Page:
OPU Appoints Yomi Fash Cultural Ambassador

Actor Yomi Fash (left), Otunba Gani Adams and a guest at the event.

Actor Yomi Fash (left), Otunba Gani Adams and a guest at the event.

As part of efforts to entrench its ideals in Yorubaland and beyond, using popular faces and voices, the Oodua Progressives Union, OPU, has unveiled celebrated crossover actor, Yomi Fash Lanso, as its Cultural Ambassador. The Lagos native was unveiled during the Miss Olokun beauty pageant held recently.

Speaking on the appointment, Otunba Gani Adams, National Coordinator, Oodua People’s Congress (OPC), said, “Yomi Fash Lanso is one of the foremost actors in the Yoruba sector of Nollywood. He has been consistent and dogged in his career. He epitomizes all the qualities we want as an ambassador for the OPU. And we believe he can parlay his popularity for the rejuvenation of our culture and importantly, the betterment of Yorubaland through the OPU.”

He disclosed that the decision to establish the Oodua Progressives Union, OPU, was based on the need to sustain the Yoruba identity. Unlike the OPC which is a self-determination association solely to protect the territorial integrity of Yoruba within the political geography of Nigeria, while the “OPU is a socio-cultural organisation is saddled with the responsibility of rekindling, re-awakening and resuscitating the dying embers of pristine Yoruba cultural values and heritage which are alarmingly heading towards extinction particularly among the Yoruba in the Diaspora.”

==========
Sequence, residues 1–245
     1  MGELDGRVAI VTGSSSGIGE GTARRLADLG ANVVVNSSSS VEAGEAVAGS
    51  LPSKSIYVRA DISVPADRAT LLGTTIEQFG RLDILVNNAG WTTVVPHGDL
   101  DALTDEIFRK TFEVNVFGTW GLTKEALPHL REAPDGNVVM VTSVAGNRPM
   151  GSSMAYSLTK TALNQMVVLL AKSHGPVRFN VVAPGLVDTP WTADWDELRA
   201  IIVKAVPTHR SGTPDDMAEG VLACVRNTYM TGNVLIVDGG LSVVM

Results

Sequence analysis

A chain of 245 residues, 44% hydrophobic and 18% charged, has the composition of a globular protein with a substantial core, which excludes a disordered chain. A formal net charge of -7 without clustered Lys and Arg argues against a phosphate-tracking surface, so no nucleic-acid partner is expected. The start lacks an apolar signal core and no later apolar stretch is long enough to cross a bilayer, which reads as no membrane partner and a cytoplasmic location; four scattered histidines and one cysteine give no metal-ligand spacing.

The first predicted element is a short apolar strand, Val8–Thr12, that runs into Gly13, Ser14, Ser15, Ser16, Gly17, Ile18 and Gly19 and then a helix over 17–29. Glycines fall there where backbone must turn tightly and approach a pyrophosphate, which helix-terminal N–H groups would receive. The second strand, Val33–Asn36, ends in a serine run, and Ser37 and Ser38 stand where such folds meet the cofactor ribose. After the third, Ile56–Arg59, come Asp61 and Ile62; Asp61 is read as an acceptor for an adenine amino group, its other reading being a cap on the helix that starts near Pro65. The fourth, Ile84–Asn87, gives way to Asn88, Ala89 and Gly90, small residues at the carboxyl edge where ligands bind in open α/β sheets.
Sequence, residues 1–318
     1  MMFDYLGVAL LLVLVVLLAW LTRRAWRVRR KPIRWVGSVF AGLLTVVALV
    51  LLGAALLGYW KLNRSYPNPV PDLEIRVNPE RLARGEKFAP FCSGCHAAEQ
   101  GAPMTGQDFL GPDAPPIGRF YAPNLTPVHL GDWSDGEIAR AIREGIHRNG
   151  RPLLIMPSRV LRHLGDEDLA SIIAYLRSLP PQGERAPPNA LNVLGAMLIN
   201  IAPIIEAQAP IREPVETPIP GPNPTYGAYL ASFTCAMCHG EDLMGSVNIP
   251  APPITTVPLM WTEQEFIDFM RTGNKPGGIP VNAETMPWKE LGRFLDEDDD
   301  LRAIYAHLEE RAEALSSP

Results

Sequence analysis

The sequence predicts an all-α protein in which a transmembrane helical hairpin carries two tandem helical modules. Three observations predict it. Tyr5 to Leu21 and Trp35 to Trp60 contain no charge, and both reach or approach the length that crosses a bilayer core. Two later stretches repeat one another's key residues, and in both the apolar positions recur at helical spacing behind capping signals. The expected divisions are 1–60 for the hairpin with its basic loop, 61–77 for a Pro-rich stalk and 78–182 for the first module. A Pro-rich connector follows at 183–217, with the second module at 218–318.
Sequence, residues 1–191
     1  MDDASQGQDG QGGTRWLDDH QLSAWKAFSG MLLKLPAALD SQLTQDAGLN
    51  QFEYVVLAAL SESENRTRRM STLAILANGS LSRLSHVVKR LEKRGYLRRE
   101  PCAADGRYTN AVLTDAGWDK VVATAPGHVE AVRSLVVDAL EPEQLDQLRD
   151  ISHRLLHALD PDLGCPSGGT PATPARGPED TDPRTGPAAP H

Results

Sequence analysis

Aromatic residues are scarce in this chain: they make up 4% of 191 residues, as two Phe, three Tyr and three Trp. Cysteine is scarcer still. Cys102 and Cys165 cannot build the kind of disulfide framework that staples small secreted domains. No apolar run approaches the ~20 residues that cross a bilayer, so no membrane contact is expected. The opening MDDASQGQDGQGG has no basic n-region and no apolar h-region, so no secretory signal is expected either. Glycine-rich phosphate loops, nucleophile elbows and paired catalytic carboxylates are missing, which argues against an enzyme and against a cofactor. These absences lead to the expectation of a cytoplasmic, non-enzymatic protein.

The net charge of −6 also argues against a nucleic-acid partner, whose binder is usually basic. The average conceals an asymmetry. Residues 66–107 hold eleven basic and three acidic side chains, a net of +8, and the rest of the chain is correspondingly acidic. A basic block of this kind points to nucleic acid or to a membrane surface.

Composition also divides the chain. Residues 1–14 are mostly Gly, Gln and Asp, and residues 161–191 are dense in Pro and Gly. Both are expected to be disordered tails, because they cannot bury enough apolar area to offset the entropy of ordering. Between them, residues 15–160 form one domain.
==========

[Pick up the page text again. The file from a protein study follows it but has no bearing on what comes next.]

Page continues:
Coming barely 10 days after losing his octogenarian mother, Fash-Lanso described the ambassadorial appointment as conforming with his own principles as a Yoruba man and a renowned and respected actor.

“I feel honoured to have been selected as the face of an association with millions of members straddling the entire globe. It shows that one’s efforts as an artiste for the past two decades have not gone unnoticed.”

He said further, “The importance of preserving and promoting our culture and tradition is of enormous responsibility to all of us speaking the Yoruba language because our culture makes us an entity and not a nonentity. I say this because I believe fervently in the adage that a child that neglects his source has inadvertently worn the garland of trouble; a fact I believe is the cause of the troubles bedeviling us as a nation.”

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